Cumberland Woodbank fundraiser to fuel endowment

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CUMBERLAND — The Cumberland Woodbank, which has been serving area residents for about a decade, plans to start an endowment to indefinitely fund its fuel assistance program.

The nonprofit organization, based in North Yarmouth since last spring, will hold its fifth annual “Free Eat for Heat Wood Bankquet” dinner Saturday, Jan. 21.

The 5:30 p.m. event, to be held at the Cumberland Congregational Church (282 Main St.), is intended to raise endowment donations and also welcome people in need, as well as those who have helped the organization.

The goal is to maintain an endowment of at least $15,000. 

“It’s an insurance policy to make sure that if equipment breaks down, that we’re able to continue to operate without having to shut down until we raise the money to fix the equipment,” Woodbank Chairman Bruce Wildes said in an interview Jan. 5.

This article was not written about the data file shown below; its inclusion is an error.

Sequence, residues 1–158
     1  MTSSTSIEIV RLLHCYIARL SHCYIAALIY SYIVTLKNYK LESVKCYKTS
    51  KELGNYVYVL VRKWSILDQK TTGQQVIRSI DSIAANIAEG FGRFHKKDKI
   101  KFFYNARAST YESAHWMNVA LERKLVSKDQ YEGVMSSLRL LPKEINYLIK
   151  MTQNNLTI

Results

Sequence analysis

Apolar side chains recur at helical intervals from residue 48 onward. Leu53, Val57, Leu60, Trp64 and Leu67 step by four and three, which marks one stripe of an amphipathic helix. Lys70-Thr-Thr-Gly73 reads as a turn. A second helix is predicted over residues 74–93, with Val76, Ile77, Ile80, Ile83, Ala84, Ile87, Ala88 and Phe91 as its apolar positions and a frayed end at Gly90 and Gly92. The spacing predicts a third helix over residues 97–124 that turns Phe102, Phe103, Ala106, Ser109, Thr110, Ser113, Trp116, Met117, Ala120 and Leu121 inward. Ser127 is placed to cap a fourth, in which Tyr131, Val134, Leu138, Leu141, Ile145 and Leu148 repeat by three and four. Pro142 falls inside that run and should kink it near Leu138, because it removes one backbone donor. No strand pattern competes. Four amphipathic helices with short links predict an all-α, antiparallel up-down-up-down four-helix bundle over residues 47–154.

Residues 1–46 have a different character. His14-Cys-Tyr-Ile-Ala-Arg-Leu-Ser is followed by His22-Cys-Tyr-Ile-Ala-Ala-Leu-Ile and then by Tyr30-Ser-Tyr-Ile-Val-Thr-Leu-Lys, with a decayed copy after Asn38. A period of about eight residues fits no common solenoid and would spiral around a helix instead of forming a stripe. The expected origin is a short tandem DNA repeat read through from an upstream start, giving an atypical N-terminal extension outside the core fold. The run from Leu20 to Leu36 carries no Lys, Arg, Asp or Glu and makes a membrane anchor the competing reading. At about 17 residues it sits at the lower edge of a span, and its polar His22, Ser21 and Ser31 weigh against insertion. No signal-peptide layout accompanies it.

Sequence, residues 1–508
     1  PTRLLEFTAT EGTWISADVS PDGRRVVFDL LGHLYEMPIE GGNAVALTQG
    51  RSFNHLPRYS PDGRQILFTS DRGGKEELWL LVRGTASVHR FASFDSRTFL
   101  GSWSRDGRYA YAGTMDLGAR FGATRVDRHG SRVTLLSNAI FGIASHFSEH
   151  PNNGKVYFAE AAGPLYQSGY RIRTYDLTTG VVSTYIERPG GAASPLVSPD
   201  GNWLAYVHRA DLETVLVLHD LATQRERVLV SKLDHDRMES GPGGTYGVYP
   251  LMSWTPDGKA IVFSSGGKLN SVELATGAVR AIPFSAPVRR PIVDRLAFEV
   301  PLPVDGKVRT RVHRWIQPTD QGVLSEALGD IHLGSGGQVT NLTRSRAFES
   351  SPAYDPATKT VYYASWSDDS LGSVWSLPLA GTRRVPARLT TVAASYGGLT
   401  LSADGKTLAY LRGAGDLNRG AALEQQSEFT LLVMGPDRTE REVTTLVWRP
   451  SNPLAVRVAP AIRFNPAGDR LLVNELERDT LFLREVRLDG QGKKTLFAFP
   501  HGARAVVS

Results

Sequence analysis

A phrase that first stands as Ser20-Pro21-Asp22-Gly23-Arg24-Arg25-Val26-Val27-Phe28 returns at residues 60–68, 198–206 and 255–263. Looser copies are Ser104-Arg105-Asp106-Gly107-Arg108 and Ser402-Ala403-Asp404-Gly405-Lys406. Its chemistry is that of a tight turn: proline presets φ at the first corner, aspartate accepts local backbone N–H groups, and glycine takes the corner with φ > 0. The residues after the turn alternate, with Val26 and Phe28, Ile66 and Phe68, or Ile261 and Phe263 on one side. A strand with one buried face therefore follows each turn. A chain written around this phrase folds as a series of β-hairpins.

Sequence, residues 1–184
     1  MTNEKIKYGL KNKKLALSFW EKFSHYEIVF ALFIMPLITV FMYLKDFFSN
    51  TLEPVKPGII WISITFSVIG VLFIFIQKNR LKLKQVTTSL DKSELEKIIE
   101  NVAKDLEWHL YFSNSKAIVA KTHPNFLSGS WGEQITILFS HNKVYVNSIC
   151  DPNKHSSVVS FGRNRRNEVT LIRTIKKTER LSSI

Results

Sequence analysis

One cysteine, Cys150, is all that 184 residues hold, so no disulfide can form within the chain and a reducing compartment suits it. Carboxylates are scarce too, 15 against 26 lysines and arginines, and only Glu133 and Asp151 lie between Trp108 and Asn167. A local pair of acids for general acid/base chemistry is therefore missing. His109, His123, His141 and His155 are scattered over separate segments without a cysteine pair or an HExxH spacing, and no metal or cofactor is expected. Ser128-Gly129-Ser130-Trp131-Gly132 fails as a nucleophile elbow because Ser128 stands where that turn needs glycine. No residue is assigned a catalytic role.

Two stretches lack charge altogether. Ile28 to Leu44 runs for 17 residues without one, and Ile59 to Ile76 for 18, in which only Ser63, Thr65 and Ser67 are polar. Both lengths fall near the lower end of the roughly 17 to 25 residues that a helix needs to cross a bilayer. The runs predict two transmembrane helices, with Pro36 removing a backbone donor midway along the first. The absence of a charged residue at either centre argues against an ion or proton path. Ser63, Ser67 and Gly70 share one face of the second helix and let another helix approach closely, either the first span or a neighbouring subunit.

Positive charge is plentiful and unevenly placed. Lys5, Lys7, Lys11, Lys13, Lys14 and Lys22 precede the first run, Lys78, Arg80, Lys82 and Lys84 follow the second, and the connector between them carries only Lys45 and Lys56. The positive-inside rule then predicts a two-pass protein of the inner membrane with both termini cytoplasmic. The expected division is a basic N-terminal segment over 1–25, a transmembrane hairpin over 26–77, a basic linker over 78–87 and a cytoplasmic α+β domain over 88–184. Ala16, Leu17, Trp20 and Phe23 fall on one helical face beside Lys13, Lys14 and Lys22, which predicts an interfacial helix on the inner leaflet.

The Woodbank provides firewood to area families in need, and uses money raised from sales to those who can afford wood to buy fuel for those who cannot burn wood. It collected more than 100 cords of wood in 2016, and distributed 87 cords, Wildes said.

Funds the Woodbank raises at the Bankquet will be matched by money from private donors. Last year’s event raised about $4,500, just in donations at the door.

“It is a fundraiser, but it’s really an appreciation (of volunteer supporters),” Wildes said. “It’s our annual meeting. … We want people there who depend on us for fuel assistance.”

More information can be found at woodbank.org.

A raffle will offer a first prize of a new Stihl chainsaw, leg-protective chaps and a helmet, Wildes said. Second prize is a gourmet dinner for two, along with a pairing of wine, provided by the Cumberland Foodstop. Third is a two-wheel log carrier.

Alex Lear can be reached at 781-3661 ext. 113 or alear@theforecaster.net. Follow him on Twitter: @learics.

Bruce Wildes, chairman of the Cumberland Woodbank, hopes the organization’s Jan. 21 “Free Eat for Heat Wood Bankquet” will help raise funds toward a endowment, to be maintained at a minimum of $15,000.

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A Maine native and Colby College graduate, Alex has been covering coastal communities since 2001, and currently handles Bath, Topsham, Cumberland, and North Yarmouth. He and his wife, Lauren, live in the Portland area, and Alex recently released his third album of original music.